According to The Pulse Of Radio, the daughter and mother of late NIRVANA frontman Kurt Cobain disagreed over the way he was depicted in the documentary "Kurt Cobain: Montage Of Heck", which premiered on HBO last May and is in the middle of a limited theatrical run. Director Brett Morgen told Deadline that Kurt's daughter Frances Bean Cobain, who was an executive producer on the film, overrode her grandmother Wendy O'Connor's objections to the way her son and his drug use were portrayed in the latter stages of the movie.
Morgen explained: "When Kurt's mother voiced some concerns about the way she was depicted, and the way Kurt was seen in the latter stages of his life, it was Frances who called and said, 'Grandma, this is not your film. This is Kurt's film, and how you experience things is quite different than the way Kurt experienced things.' Of course, the mother doesn't want to show her child in any light that's less than favorable, but it was Frances's desire to not hide the truth."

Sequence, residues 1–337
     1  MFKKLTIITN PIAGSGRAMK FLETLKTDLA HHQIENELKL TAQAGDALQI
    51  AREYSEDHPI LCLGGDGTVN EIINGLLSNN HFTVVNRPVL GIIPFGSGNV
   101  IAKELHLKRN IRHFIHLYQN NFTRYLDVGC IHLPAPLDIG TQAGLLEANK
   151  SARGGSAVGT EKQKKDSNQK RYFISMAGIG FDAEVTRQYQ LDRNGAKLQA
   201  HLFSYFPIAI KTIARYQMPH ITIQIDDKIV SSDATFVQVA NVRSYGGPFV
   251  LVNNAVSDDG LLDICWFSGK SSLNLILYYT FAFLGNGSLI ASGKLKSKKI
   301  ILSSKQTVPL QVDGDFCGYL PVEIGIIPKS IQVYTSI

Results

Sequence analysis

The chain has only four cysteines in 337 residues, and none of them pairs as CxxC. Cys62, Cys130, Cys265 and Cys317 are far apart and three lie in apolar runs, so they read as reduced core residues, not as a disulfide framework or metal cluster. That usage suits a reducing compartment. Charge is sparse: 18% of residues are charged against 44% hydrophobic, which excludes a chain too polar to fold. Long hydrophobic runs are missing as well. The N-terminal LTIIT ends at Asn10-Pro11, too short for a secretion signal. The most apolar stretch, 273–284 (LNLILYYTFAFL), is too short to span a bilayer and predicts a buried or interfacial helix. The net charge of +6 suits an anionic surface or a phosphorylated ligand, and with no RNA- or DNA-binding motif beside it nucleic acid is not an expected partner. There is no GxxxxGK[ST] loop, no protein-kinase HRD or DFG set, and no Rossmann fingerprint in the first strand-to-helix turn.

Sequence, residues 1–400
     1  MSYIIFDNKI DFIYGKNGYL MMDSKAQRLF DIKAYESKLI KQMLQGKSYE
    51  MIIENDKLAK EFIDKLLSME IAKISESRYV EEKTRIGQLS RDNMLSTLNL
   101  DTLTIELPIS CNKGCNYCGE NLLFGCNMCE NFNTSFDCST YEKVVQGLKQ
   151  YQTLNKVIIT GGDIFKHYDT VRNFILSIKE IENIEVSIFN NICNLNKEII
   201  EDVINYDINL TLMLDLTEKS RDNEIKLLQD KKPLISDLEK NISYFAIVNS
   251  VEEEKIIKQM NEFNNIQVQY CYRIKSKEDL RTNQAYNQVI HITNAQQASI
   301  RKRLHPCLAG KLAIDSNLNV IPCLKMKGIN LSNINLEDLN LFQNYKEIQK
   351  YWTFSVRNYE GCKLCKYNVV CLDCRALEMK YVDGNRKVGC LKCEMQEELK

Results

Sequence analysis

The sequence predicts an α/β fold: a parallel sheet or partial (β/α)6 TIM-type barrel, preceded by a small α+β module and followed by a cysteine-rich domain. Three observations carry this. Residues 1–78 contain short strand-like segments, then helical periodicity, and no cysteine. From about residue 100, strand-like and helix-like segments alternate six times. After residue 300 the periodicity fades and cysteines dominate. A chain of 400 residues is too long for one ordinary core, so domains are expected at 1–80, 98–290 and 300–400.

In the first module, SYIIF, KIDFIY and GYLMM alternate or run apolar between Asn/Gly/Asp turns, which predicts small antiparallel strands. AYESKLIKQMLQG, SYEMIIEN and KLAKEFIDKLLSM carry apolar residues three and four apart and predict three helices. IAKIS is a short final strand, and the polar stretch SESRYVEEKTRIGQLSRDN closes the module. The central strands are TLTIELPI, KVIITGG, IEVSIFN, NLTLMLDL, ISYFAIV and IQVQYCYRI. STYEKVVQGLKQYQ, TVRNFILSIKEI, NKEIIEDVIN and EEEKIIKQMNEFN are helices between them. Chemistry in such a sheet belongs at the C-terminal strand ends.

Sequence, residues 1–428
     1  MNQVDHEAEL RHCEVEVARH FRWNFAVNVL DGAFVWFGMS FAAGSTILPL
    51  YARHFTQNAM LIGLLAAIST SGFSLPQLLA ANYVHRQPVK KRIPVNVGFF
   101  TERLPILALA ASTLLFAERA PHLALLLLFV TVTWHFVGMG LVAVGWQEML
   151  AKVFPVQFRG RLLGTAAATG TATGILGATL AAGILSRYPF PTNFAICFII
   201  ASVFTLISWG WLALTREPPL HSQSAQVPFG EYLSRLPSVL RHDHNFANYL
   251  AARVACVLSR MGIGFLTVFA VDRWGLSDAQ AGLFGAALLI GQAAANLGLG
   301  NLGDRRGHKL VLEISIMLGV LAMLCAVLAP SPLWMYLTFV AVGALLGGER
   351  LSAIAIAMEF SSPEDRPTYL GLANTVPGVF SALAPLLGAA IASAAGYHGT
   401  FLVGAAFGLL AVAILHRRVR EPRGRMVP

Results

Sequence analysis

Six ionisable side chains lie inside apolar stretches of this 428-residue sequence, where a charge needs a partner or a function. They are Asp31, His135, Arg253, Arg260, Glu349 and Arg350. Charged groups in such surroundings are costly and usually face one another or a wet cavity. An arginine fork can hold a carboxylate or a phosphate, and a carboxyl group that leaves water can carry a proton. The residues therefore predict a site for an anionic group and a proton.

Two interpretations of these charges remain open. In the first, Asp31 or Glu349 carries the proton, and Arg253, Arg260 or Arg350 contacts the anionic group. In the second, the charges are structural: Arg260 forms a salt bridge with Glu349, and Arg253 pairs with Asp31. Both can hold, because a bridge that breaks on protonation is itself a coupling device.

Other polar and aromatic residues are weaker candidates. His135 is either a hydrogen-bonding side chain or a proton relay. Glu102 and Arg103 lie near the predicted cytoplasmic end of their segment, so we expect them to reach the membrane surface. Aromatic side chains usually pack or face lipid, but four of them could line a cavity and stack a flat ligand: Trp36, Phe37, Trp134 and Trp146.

Morgen added: "I think that both Frances and I arrived at the same point, which was we were not trying to tear Kurt or put Kurt down, nor were we trying to put him on a pedestal. We were simply trying to look him in the eye, to empathize, to find a point of entry in which we can understand how he experienced life."
The director also revealed how Frances herself, who was only two when her father committed suicide in 1994, felt after watching the film. He said: "Upon seeing the film for the first time, Frances looked at me and said, 'Do not touch a frame.' You know, before she said that, she said, 'Thank you for giving me a couple hours with my father that I never thought I would have.'"
"Montage Of Heck" arrives on Blu-ray and DVD on November 6, the same day that a new album of previously unheard Cobain recordings discovered during the making of the film will see release on CD.